Luxury British carmaker Aston Martin swung to a third-quarter loss today, saying its full-year wholesale volumes would be lower than previously guided after slumping demand in Europe and Asia.
Volumes to dealers fell 16% to 1,497 cars in the three months to the end of September as demand in Europe, the Middle East and Africa area dropped 17%.
Demand in Asia was down by a third, hit by weak demand for the company's Vantage model.
The 106-year firm, famed for being fictional agent James Bond's brand of choice, is taking action to cut costs and hopes the launch of its first sport utility vehicle, the DBX, at a new factory in Wales, will boost performance next year.
"We're essentially holding the cost of a complete factory right now without the benefit of the revenues coming in so from that point of view of course it's a really important model," chief executive Andy Palmer told Reuters.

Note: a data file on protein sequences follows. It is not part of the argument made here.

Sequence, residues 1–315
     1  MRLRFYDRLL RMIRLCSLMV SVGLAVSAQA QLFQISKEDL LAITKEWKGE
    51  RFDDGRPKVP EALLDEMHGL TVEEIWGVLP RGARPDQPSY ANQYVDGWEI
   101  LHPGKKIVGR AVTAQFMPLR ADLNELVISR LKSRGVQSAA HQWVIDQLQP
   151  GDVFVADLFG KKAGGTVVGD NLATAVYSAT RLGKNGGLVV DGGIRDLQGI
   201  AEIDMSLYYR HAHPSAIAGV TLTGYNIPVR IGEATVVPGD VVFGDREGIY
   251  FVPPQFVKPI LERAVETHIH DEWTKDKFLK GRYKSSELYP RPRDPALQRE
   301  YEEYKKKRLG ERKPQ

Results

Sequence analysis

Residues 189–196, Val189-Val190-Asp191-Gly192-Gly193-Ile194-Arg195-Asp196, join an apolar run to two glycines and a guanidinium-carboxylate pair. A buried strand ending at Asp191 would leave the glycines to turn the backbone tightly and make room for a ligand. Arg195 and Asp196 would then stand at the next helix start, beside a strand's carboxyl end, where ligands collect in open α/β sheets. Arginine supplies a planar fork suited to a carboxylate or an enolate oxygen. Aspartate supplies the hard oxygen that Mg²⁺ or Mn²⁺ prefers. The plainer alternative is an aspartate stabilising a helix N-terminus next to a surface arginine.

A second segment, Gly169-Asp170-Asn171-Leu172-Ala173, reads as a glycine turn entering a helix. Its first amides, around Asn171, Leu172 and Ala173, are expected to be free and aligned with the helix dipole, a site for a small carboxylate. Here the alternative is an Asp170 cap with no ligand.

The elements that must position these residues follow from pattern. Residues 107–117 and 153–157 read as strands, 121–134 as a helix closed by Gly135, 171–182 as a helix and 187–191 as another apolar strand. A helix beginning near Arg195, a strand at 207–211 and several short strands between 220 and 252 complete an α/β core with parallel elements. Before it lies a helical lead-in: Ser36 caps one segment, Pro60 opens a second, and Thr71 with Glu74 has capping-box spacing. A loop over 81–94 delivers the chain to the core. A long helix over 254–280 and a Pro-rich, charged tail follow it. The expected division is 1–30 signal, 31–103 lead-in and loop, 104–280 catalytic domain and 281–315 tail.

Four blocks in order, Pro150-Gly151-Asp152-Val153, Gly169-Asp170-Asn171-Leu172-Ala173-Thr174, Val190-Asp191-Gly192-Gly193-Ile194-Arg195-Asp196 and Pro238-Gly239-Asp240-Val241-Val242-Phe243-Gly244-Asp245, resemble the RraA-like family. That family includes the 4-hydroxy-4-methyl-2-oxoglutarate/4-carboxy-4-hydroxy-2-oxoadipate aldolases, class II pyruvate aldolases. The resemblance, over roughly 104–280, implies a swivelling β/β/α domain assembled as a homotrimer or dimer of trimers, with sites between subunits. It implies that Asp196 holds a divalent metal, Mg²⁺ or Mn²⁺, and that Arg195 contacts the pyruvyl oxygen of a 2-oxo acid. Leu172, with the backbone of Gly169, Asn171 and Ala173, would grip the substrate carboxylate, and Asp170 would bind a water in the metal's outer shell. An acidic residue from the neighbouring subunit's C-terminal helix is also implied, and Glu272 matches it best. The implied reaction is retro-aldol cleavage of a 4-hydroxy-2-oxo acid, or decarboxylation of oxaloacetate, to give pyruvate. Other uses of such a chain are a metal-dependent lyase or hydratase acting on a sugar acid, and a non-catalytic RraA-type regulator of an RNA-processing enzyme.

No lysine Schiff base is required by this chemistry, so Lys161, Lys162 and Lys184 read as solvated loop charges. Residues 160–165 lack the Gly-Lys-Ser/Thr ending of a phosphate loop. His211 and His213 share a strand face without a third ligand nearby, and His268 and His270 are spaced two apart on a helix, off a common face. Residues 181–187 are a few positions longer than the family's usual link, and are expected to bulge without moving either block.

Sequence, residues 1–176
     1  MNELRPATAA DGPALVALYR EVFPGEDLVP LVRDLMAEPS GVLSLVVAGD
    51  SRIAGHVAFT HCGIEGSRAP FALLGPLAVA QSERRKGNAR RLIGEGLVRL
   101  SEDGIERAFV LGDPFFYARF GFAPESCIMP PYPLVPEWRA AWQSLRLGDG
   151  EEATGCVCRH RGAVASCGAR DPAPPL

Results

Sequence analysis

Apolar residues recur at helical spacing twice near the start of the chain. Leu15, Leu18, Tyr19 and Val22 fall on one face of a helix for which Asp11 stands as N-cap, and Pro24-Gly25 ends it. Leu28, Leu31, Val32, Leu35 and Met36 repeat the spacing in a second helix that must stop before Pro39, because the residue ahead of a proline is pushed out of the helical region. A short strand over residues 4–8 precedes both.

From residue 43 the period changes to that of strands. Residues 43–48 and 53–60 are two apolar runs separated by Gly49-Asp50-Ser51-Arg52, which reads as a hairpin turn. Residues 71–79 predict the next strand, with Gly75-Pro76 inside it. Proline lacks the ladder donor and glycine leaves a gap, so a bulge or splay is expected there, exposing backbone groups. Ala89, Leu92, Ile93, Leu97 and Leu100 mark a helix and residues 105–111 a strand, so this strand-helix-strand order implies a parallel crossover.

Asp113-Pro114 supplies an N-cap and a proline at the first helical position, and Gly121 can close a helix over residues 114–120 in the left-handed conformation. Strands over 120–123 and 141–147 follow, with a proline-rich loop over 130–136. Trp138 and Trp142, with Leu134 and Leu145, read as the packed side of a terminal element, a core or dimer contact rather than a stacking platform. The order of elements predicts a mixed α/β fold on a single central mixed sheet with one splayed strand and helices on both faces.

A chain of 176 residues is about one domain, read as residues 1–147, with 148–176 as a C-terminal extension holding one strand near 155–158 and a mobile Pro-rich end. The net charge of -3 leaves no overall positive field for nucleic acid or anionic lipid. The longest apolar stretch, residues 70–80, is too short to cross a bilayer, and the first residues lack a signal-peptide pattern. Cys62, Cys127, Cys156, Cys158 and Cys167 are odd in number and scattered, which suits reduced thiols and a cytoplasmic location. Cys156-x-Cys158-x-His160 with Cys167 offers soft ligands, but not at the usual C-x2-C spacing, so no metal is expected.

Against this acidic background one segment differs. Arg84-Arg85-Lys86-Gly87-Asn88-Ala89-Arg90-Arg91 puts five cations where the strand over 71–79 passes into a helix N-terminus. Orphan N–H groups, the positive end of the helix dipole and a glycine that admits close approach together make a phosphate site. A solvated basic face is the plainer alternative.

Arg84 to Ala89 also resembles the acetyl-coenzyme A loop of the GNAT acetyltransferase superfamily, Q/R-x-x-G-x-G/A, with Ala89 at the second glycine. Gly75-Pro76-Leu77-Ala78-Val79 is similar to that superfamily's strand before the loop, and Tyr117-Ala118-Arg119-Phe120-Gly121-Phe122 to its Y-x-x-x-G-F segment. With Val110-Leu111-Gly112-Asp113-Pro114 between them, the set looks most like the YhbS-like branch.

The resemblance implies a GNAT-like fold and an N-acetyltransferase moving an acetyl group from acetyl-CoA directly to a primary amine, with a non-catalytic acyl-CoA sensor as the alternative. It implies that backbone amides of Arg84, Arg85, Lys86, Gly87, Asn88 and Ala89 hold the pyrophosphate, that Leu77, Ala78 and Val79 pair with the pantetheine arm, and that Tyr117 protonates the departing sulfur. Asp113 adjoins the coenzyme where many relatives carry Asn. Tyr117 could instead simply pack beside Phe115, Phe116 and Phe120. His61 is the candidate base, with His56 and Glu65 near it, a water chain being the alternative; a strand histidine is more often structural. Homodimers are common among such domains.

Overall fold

Aston, based near Birmingham, posted a £13.5m loss in the three months to the end of September, but said it still expects to meet market expectations of core earnings at around £203m.
The global automotive industry has undergone a torrid year, hit by declining sales in China, trade war worries between the world's two biggest economies, a slump in diesel sales in Europe and the need to invest heavily in electrification.
But Aston has also suffered since its flotation in October last year when shares launched at £19 before dropping for months and languishing at between £4-5 for the last few weeks.
Earlier this year, the company announced it was raising $150m in debt at a 12% interest rate to bolster its balance sheet ahead of the launch of the DBX.
Aston Martin said today that its net interest expense guidance for 2019 now stood at around £83m, also affected by the impact of unhedged expenses in US dollars, with prior guidance at roughly £70m.
Aston, which is primarily owned by Italian and Kuwaiti private equity groups, and not part of a wider automotive group, said it could thrive on its own alongside its work with German carmaker Daimler, which has a small stake in the firm.
"Our relationship with Daimler is also important so we're not completely alone. We obviously have their technology to fall back on," said Palmer.